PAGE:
Naida Mujkić, PhD. Her work has appeard in literary journal and anthologies around the world. So far, she published five books of poetry and one book of lyrical prose. She has participated in several international poetry and literature festivals.
First they were timidly bringing logs in shopping bags, and then, little by little, they started coming to the park carrying transparent bags with kindling. One man who was buying from them was taking smoke tree over the border and sold it there five times as expensive. The married couple knew nothing about borders. Their customers were elderly people who were pushing wheeled shopping bags in front of them. They were saying that trees had been following them. Medicinal trees grow there were the old people fall ill. But smoke tree didn’t grow in the town. Did it mean the smoke tree was of no use for the old people in town? The married couple had no answer to this question. “We’re just selling smoke tree,” they said.
The snow is sleeping in the park. December morning is turning out its pockets. And old people are sleeping in their smelly rooms, while those luckier ones are no longer there. With iron fingers the woman is taking off snow from heaped smoke trees, like a wrinkled bedsheet. Street lamps are blinking. Memories grow on leaves that are still holding on to the branches. The man is looking at the leaves. It appears that the leaves are trying to say something to him, but the man doesn’t understand.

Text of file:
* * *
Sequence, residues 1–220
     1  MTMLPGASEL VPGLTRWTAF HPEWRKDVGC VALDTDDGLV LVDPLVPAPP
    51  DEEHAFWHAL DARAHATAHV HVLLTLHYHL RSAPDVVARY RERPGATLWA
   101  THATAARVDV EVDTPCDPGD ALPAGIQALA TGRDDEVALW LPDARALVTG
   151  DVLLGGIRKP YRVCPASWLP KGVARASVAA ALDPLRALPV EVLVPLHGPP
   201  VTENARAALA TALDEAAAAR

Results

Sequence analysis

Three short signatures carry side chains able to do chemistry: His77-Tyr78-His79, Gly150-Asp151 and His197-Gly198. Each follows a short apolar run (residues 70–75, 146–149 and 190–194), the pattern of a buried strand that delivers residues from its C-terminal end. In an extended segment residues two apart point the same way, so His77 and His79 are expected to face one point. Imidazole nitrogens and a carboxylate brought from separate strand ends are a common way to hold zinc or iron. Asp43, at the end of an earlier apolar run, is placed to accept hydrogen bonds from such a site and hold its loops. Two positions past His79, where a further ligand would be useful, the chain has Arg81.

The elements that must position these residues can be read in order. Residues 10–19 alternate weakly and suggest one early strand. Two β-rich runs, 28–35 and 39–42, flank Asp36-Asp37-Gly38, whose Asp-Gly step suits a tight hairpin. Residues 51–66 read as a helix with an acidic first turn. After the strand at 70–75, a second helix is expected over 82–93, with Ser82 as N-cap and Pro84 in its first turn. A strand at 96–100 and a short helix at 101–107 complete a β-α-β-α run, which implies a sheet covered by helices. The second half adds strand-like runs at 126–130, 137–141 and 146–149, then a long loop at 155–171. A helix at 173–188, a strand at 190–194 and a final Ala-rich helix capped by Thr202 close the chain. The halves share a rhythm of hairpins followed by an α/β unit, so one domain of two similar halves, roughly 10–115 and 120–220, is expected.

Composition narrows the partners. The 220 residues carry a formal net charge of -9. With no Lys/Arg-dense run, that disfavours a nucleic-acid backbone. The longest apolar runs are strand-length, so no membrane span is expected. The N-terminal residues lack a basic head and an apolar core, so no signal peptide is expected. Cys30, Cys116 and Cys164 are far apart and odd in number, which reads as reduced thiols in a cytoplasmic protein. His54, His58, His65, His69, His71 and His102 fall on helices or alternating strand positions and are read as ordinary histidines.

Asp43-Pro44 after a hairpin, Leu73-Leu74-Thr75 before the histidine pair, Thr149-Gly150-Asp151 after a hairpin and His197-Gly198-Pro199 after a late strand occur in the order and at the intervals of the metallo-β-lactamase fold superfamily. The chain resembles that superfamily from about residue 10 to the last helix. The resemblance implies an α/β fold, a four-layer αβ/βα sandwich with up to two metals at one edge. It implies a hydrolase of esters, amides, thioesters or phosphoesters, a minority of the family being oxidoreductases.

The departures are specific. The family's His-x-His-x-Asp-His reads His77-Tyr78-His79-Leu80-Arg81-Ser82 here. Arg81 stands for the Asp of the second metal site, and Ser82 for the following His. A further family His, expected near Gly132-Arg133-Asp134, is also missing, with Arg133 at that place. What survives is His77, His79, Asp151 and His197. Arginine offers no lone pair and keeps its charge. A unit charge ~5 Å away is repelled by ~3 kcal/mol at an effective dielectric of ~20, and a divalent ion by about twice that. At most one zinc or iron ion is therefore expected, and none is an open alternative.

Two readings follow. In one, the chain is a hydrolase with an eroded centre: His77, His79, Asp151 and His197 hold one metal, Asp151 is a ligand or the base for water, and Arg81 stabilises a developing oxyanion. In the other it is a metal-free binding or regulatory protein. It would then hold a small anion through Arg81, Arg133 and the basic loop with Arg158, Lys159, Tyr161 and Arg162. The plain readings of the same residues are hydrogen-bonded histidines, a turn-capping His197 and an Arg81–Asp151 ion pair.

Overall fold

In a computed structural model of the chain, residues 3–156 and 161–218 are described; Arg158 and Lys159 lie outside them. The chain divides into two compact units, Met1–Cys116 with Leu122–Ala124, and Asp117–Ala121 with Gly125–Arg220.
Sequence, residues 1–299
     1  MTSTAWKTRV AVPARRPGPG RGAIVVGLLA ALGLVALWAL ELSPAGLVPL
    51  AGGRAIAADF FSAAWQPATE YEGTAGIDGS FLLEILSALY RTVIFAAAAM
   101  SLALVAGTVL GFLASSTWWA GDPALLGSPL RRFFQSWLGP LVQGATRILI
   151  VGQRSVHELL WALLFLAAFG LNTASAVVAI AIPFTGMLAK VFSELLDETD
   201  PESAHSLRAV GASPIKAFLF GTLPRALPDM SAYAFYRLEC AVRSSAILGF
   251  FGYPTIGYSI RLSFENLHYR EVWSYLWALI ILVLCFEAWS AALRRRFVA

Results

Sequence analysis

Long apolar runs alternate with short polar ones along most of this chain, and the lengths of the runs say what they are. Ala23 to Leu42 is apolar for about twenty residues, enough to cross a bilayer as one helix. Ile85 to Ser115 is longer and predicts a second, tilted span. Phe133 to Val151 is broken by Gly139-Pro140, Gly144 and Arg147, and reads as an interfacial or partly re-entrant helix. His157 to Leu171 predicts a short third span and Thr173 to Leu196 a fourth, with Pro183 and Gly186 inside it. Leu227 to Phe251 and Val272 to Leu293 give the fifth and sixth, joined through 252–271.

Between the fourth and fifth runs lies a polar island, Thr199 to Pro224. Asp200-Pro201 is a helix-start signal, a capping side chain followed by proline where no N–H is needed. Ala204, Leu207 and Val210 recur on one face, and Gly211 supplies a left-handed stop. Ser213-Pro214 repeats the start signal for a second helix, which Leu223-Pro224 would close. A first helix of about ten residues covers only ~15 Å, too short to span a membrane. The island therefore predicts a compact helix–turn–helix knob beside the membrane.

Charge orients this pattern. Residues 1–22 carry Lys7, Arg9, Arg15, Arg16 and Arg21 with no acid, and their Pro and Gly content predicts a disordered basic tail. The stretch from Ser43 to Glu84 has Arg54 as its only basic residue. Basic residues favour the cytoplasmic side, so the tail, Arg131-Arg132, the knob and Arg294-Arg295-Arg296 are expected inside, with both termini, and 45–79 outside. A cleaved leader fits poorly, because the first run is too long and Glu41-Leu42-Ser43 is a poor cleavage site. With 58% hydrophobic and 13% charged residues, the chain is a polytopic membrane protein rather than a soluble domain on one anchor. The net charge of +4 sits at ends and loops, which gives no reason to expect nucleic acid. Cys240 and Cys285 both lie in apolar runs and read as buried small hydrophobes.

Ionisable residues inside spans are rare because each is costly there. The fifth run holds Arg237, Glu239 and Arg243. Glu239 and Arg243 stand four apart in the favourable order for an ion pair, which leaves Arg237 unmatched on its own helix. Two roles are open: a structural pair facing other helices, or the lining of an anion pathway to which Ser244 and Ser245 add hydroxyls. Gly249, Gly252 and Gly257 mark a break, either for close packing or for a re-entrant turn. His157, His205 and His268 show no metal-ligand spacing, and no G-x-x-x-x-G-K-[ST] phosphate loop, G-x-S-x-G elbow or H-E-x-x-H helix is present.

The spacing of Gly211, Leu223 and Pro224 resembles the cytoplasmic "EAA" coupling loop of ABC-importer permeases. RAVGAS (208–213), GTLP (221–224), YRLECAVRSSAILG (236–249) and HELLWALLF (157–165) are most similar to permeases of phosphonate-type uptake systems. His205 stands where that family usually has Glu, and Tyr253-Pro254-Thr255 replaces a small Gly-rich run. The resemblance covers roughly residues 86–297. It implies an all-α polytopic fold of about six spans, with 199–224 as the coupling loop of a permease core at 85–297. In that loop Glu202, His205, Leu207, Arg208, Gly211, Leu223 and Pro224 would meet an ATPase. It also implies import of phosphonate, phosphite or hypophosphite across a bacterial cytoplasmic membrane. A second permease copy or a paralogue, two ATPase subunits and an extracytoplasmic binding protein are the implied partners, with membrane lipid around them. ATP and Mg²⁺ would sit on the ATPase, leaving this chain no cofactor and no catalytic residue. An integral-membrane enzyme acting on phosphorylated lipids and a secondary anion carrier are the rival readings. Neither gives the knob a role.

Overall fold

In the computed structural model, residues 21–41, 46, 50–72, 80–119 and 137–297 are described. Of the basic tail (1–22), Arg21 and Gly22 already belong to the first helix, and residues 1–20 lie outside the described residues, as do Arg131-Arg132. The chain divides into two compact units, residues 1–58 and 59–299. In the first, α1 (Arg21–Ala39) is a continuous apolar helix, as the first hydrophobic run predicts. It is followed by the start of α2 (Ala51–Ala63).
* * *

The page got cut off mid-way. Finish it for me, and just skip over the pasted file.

I WISH TO HAVE A HOME
I've seen magnolia flowers blooming gently At the corner of an abandoned street And Aborigines making love To fallen petals In an unconscious state And nobody recognises them Shells, iron ore rocks and firs Are coming out from my mouth Roads are bursting through of my mouth Roads full of sunsets And these are now their roads By which they count Sunsets Or spread wind, so the magnolia flowers Disperse Into dark lines on the ground Only the song is everywhere Every petal every scream